This week was the most challenging time of any General Assembly Session as the largest two events occur.
First, this year’s Crossover deadline arrived. This is when both the House and Senate are required to pass all bills other than revenue bills and the budget bill by midnight on Tuesday, February 16. Long work days on Monday and Tuesday resulted in a final tally of 983 House bills and 552 Senate bills being passed and sent to the other chamber. The deadline was met.
Second, the House Appropriations Committee, of which I am a member and chairman of the Compensation and Retirement Subcommittee, had to complete the proposed budget for the next two years and release it to the public and full House members by Sunday, February 21. The budget will then be voted on the floor next Thursday, February 25.
The House will propose a conservative budget that carefully guards your taxpayer dollars while investing responsibly in core functions of state government. It contains no tax or fee increases and is structurally balanced, meaning we are not funding items for which we are not confident we will have the money for in future years.
The budget deposits $605M into the Rainy Day Fund to bring it up to 90% of its previous balance and resulting in a new balance of $845M at the end of 2018.
We made a priority to increase funding for the Virginia Retirement System by a) moving up by two years full funding of the state contribution to VRS, and b) accelerating the $189.5M repayment for the contribution deferral we had to make in the 2010 recession crisis. This is six years ahead of our commitment to make up for the deferral.
The budget eliminates the accelerated sales tax on 90% of businesses by the end of 2018. It also contains a bond package for capital projects across the state at $1.5B, nearly 40% less than the $2.4B package proposed by the Governor in December 2015.
Our budget proposes a significant increase in K-12 education funding of $897.1M over the biennium, more than $70M proposed by the Governor, and includes a 2% teacher pay raise in the second year.
Much greater flexibility in how the funding is spent is also included, especially lottery proceeds distribution, which will not require a local match. For higher education and the community colleges, our budget increases funding for in-state students to hold tuition increases to 3%.
The budget also contains $10.2M to fund House legislation to prevent and combat domestic violence and to assist rapid housing efforts and to provide safe shelter for homeless veterans and victims of domestic violence.
The House budget does not include Obamacare’s Medicaid expansion or the Medicaid hospital “provider” tax or “gimmicks,” as referred to by the vice-president and Democrats and Republicans in Congress. Rather, the budget provides for a stronger Healthcare Safety Net increase of $28.9M for substance abuse treatment, two new PACT teams, increased eligibility for the GAP program, and creates new DD Waiver slots to address the critical waiting list. The effort to “redesign” the various waivers is well along, and I expect by the next session the new design should be rolling out.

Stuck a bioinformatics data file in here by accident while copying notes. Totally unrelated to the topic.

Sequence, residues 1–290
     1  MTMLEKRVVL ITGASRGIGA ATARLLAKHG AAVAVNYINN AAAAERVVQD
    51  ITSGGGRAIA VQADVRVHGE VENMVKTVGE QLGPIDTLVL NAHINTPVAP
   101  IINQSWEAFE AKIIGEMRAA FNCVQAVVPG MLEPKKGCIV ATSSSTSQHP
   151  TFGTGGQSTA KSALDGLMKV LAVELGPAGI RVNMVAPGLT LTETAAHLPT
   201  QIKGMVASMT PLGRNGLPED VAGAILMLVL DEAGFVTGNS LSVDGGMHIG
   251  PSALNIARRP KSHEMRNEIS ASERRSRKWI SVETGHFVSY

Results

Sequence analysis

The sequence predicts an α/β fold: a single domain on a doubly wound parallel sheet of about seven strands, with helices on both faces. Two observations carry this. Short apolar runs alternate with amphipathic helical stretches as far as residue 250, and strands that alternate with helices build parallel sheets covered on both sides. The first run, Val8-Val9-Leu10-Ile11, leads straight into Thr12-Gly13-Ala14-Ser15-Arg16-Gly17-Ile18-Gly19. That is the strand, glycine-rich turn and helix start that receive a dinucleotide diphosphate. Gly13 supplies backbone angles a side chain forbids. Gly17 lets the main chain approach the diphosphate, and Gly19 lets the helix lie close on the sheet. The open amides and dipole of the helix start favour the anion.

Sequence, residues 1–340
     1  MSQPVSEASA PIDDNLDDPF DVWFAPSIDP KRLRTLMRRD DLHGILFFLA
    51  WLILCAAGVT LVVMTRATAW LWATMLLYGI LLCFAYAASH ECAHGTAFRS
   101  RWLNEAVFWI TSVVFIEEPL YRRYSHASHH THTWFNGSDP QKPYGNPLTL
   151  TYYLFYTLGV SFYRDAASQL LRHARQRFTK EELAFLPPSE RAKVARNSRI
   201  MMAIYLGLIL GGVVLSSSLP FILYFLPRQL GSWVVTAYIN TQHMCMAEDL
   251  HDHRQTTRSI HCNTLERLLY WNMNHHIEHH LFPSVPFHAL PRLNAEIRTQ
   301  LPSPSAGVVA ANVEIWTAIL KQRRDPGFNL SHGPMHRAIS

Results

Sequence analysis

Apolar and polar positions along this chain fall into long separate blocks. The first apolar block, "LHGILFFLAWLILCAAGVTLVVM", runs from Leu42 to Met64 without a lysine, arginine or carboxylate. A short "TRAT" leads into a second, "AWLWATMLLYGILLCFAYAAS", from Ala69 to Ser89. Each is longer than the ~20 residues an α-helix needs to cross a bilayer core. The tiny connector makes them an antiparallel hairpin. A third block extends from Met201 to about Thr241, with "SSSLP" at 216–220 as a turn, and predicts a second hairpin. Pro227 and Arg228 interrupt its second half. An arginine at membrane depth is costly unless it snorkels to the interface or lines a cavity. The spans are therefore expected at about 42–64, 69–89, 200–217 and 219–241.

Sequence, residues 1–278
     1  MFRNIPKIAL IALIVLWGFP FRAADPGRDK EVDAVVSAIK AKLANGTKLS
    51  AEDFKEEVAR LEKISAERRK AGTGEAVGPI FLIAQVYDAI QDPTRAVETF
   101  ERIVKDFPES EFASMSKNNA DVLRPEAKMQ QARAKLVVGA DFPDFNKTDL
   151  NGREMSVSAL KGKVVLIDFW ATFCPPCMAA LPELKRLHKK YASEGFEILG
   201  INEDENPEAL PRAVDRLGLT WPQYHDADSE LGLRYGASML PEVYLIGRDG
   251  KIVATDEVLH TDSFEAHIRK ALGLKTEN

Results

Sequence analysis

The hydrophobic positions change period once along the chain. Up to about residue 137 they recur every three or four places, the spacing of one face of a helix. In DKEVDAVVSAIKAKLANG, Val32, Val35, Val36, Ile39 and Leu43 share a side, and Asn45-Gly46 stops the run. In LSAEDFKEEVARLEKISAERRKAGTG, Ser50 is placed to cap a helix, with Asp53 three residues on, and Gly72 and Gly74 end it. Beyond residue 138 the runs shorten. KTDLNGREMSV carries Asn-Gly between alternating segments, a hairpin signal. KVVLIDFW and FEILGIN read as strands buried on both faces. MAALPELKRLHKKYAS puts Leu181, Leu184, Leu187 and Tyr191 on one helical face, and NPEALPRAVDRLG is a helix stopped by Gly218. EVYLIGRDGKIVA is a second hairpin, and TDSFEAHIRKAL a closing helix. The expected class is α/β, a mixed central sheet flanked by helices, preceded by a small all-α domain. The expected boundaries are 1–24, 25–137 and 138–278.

Finally, the budget contains a 3% raise in the first year for state employees, state supported local employees, and college faculty. It also contains a 1% increase for 2018 to implement the findings and recommendations of Speaker Howell’s Commission on State Employee Retirement Security and Pension Reform.
I am especially thankful to the members of my C&R Subcommittee and the HAC chairman for their hard work and efforts to provide this funding in the budget for our hardworking and deserving employees in all employee groups.
This week the House passed legislation to reform Virginia’s outdated Certificate Of Public Need (COPN) laws. Currently, providers must go through an expensive and lengthy process to obtain permission to build or expand facilities, provide additional services, or even expand parking. Moving to more of a free market approach should provide competition, drive down costs, and provide greater access to medical care.
I anticipate changes to the bills in the Senate with much discussion, debate and such, so this may be dubbed a work-in-progress. But at least the discussion has commenced.
This week the House passed HB773, the Government Nondiscrimination Act, which I supported. I am committed to defending religious freedom, which is one of our country’s founding liberties and most sacred principles. The bottom line to the bill is that the government cannot deny citizens certain services or accesses simply because of a citizen’s sincerely held religious beliefs, including beliefs in traditional marriage or natural gender roles.
The bill also specifically prevents the government from denying Theon the basis of a person’s religious beliefs an organization’s tax-exempt status or denying a tax deduction or credit; denying or revoking a church’s tax exempt status; denying grants, contracts, loans, loan guarantees or scholarships; denying state benefits such as Medicaid or food stamps; denying the use of state property or facilities; and, denying certification or licensure.
We should all be concerned when people are getting fired or being forced or pressured to fall in line with political correctness based solely on and because of their deeply held religious beliefs. The case of Brandon Eich being fired as CEO of Mozilla solely on his belief in traditional marriage should outrage every American, every Virginian. Moving forward, we should take every possible step to protect religious liberty and people of faith. That is what HB773 does.
To arrange a Capitol tour or schedule a meeting with me, contact my legislative assistant William Pace at (804) 698-1009 or DelCPoindexter@house.virginia.gov.